Many organizations complain about the difficulty in finding and retaining skilled technology professionals, especially in the software development, data science and cyber security ranks. But in many cases the firm has only itself to blame, relying on ineffective hiring and retention practices. According to the “IT Skills Demand and Pay Trends Report” from Foote Partners, an IT workforce consultancy in Florida, “The upshot is 2018 is shaping up to be a much-anticipated year when employers are finally beginning to take stock in how poorly prepared they are from a talent perspective. The hardest truth they must face is that the human resource management function supporting technology professionals at most companies has for years been unable to get in front of the unique demands of the technology workforce. They’ve been barely getting by for years with short-term fixes.” Here are five top challenges organizations give themselves.
People management systems and practices have become frighteningly ineffective
Even ad hoc work-around solutions are failing, the report notes. “And here’s the rub: employers cannot aspire to capitalize on blockchain, artificial intelligence, the next generation of IoT and the rest without first climbing out of the deep hole they’ve been digging for years. That means replacing HR management systems and practices that lack the power, agility and flexibility necessary to do competitive combat in a labor environment substantially different than what has existed heretofore. The next few years will test employers’ people management capabilities will like never before.”
The rapid changes in technology systems and software applications are placing unprecedented pressure on hiring managers, the report indicates. There are many factors at play here. First, there are simply too many tech job titles for the HR function to stay abreast of. There is high staff churn in key technology roles, especially among the most experienced tech workers. Nearly every organization cites a difficulty finding and hiring skilled tech professionals that are a good ‘fit.’ And all of these pressures are forcing many organizations into an overreliance on consultants, contractors and temps.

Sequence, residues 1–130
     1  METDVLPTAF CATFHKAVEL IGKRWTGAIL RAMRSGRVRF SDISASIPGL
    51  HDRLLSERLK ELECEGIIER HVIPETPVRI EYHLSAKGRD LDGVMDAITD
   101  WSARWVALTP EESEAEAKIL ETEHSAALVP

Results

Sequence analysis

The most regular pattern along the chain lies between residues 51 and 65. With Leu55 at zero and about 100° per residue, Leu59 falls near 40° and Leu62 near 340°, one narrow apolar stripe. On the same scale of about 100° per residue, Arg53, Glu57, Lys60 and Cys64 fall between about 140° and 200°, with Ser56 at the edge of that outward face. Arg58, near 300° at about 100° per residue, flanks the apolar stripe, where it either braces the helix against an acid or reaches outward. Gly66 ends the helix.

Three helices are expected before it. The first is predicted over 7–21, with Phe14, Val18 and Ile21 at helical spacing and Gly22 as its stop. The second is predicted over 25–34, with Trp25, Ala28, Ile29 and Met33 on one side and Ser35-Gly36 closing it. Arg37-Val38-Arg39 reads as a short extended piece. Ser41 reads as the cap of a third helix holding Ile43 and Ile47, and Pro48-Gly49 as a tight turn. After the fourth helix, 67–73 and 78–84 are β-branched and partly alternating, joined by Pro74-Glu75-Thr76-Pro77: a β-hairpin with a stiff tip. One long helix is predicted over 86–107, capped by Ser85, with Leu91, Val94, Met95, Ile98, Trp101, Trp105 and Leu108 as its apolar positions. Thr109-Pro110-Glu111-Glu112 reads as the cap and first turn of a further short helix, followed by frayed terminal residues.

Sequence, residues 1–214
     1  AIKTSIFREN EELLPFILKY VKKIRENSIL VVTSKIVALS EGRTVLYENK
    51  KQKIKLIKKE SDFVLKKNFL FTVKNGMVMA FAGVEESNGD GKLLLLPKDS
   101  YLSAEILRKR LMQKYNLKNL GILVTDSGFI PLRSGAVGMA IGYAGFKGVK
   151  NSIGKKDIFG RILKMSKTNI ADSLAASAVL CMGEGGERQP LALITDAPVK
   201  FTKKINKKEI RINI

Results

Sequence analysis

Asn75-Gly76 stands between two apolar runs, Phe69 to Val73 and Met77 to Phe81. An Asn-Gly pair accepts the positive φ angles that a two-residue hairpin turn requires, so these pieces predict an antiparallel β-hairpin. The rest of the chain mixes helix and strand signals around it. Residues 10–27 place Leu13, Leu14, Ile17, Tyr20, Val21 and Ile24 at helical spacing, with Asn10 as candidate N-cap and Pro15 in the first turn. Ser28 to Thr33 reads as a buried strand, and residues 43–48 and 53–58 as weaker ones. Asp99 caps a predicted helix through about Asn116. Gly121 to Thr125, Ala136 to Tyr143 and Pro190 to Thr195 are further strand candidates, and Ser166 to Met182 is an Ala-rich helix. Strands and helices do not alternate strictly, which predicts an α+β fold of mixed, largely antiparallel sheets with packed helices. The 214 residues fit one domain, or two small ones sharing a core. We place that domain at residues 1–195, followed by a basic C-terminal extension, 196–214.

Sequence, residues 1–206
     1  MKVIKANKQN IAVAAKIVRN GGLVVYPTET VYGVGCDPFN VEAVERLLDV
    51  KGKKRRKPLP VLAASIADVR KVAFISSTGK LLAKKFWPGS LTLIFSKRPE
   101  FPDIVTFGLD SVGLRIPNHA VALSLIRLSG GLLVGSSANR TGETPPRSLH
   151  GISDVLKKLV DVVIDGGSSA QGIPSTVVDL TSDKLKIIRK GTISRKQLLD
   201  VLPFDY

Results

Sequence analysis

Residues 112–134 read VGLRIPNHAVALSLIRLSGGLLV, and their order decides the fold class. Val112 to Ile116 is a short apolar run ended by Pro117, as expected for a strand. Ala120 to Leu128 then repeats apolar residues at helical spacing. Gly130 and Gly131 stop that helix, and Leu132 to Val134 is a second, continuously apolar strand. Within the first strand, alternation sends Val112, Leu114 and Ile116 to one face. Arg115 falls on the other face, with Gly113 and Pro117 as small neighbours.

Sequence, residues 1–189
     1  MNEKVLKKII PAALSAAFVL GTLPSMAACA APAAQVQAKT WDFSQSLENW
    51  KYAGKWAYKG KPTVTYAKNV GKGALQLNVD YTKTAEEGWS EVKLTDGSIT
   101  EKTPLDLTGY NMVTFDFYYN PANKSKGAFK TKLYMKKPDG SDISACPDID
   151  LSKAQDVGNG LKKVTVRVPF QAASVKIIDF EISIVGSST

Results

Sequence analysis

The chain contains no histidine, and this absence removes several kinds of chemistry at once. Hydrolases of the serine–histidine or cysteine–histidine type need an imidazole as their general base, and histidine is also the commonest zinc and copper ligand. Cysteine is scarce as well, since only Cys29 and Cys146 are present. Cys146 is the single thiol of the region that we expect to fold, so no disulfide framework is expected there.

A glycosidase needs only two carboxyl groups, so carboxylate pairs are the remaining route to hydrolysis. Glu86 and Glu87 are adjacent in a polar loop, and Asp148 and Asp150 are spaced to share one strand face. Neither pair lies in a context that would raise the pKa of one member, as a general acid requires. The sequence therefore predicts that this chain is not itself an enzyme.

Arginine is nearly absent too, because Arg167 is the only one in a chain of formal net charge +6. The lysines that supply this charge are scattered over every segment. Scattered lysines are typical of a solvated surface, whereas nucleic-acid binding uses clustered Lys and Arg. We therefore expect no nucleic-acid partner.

Confusion about pay
There is constant uncertainty about how much to pay tech professionals, especially with new jobs and the “Swiss Army knife” hybrid positions, the report says. Foote Partners recommends an Agile Compensation and Tech People Architecture approach that ties compensation to the ‘big picture’ of the job role. “It’s about how key human capital management elements such as job definition and design, skills demand and acquisition, compensation, incentives and recognition, professional development and work/life balance plug into an overall optimized operational model. The model is tuned to new technologies, business strategy, organizational goals and culture and performance philosophies, and it promotes flexibility and scalability, like any disciplined architecture approach,” the report explains.
Job Definition/Design Chaos
One of the top challenges is trying to manage independently created tech jobs that don’t fit in very well with established tech roles … and which are themselves ill-defined, the report says. “If these new blockbuster technologies existed independent of one another it would not be nearly as frightening from a labor demand perspective. But they don’t: they’re all part of one gigantic dynamic mesh. This mesh will demand an unprecedented level of talent that will place a stunning labor strain on employers regardless of whether they are developing, supporting, or consuming these pervasive groundbreaking technologies,” the report says.
Job Path Uncertainty